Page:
A grand jury has returned a 32-count indictment against two Aurora police officers, one ex-officer and two local paramedics in the death of Elijah McClain, Colorado Attorney General Phil Weiser said on Wednesday.
All five defendants—Aurora Police officers Randy Roedema and Nathan Woodyard, former officer Jason Rosenblatt, and fire paramedics Jeremy Cooper and Lt. Peter Cichuniec—face one count of manslaughter and criminally negligent homicide, according to the unsealed indictment.
The officers had been trained and knew that the hold they placed McClain in “posed dangers and should never be administered more than once,” the indictment said.
Roedema, the senior patrol officer at the scene, and Rosenblatt, also face second-degree assault charges for causing serious bodily injury to McClain.
Cooper and Cichuniec were also charged with second degree assault for causing bodily injury, by means of a deadly weapon, after they used ketamine to sedate McClain without making any effort to check his vital signs or consulting with McClain, the indictment said.
The paramedics “deviated from the standard protocols” and failed to properly assess McClain when they injected him with an anesthetic dose of the drug, according to the indictment.
Prosecutors said that a forensic pathologist found that McClain had died from “acute Ketamine administration during violent subdual and restraint by law enforcement and emergency response personnel, and the manner of death was homicide.”
“Nothing will bring back my son, but I am thankful that his killers will finally be held accountable,” McClain’s dad, LaWayne Mosley, said in a statement.
McClain, 23, was walking home from a convenience store on Aug. 24, 2019, after buying ice tea for his brother, when police tackled him to the ground, handcuffed him, and put in carotid holds that restricted blood flow to his brain.
Paramedics sedated McClain with a dosage of ketamine “that was appropriate for a patient who weighed 77 pounds more than Mr. McClain,” the indictment said. McClain had no pulse and was not breathing shortly after he was placed in an ambulance. He was declared brain dead and removed from life support at a hospital days later.
The officers stopped McClain after a 911 call about a “sketchy” individual. McClain was wearing a ski mask and listening to music, and did not immediately yield to officers.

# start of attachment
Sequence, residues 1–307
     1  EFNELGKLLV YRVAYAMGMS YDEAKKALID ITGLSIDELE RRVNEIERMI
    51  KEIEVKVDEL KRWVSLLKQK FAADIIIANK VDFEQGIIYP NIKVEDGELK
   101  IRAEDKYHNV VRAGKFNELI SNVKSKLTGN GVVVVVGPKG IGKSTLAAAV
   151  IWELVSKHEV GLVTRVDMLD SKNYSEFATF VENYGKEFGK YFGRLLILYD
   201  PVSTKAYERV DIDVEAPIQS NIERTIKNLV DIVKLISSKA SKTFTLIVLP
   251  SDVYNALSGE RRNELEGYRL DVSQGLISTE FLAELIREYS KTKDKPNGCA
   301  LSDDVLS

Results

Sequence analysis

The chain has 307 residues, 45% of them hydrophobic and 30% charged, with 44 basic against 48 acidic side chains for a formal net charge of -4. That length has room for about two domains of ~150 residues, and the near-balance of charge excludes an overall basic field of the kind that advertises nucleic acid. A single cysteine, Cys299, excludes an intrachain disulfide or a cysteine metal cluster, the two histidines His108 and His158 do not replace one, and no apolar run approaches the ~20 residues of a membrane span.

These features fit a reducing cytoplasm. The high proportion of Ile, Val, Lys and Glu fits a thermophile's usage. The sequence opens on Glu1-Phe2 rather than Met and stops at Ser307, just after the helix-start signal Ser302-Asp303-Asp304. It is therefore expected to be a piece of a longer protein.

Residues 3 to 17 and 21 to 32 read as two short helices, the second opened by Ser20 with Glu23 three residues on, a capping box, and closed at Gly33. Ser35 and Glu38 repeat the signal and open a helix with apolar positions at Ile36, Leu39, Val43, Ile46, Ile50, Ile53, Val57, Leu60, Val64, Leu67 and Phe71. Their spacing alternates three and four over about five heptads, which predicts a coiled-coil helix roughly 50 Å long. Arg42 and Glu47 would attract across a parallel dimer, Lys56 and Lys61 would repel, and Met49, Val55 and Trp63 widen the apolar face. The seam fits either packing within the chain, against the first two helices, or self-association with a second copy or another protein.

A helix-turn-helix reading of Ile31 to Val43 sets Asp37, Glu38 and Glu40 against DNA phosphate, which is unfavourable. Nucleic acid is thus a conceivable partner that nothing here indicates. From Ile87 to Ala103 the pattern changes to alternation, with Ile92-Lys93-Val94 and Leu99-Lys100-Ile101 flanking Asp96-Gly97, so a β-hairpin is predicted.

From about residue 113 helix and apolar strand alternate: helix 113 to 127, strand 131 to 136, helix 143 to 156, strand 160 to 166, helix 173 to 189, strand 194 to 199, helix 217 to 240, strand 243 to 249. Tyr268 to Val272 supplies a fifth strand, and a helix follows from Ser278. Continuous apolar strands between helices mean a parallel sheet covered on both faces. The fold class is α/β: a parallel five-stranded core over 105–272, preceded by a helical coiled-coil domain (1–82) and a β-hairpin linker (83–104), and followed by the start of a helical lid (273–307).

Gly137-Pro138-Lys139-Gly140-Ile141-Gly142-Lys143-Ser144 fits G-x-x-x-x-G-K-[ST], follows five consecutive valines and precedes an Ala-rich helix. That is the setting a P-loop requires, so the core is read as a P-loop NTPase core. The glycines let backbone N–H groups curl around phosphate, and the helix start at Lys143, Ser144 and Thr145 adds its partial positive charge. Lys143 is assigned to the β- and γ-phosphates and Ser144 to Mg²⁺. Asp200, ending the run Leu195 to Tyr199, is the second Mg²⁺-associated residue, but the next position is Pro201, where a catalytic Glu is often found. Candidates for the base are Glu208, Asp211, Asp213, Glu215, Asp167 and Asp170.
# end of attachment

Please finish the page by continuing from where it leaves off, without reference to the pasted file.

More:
His family later said he often wore a ski mask because he had anemia and would sometimes get cold. They described McClain to the Colorado Sentinel as a quiet, gentle soul who worked as a massage therapist and often put on violin concerts at animal shelters.
McClain stopped after repeated commands from the officers, who said they had the right to stop him for looking suspicious. They then forced him to the ground.
In body-cam footage, McClain—vomiting and pleading—can be heard saying during the assault that lasted nearly 18 minutes: “I was just going home. I’m an introvert and I’m different... I’m so sorry. I have no gun. I don’t do that stuff. I don’t do any fighting. Why were you attacking me? I don’t do guns. I don’t even kill flies. I don’t eat meat.”
The indictment is the first time any cops or paramedics involved in McClain’s death have faced legal consequences.
“For far too long, racist and brutal police across this country have acted as though the law does not apply to them,” a lawyer for McClain’s family, Mari Newman, said in a statement. “This indictment serves as a powerful reminder to all members of law enforcement that no one is above the law.”
Shortly after McClain’s death, Adams County District Attorney Dave Young cleared the officers of criminal wrongdoing. Then-Aurora police chief Nick Metz also said that the officers had not violated department policies. (Rosenblatt was later fired for texting “ha ha” in response to a photo of colleagues jokingly reenacting a chokehold at the spot where McClain was arrested.)
But, in February, city officials released a 157-page report on the investigation into McClain’s death that detailed a series of errors made by the officers who stopped McClain, the police investigators who sought to cover their tracks, and the paramedics who responded to the scene.
The officers had no legal justification for stopping McClain on the basis of the 911 call and also lacked constitutional basis for frisking McClain, forcing him to the ground, and using multiple carotid holds on him, the report found.
The report prompted Gov. Jared Polis to appoint Weiser to oversee a new investigation into McClain’s death and determine whether anyone should face criminal charges. McClain’s family also filed a civil suit against the city.
The Aurora Police Association’s board of directors stood by the officers, claiming in a Wednesday statement that McClain “died due to a combination of exertion due to his decision to violently resist arrest and a pre-existing heart condition.”
“The hysterical overreaction to this case has severely damaged the police department,” the statement said.
A separate Attorney General’s Office probe is looking at whether the Aurora police and fire departments’ practices and policies violate residents’ civil rights.
“Our goal is to seek justice for Elijah McClain, for his family and friends and for our state,” Weiser said at a news conference announcing the charges. “In so doing, we advance the rule of law and the commitment that everyone is accountable and equal under the law.”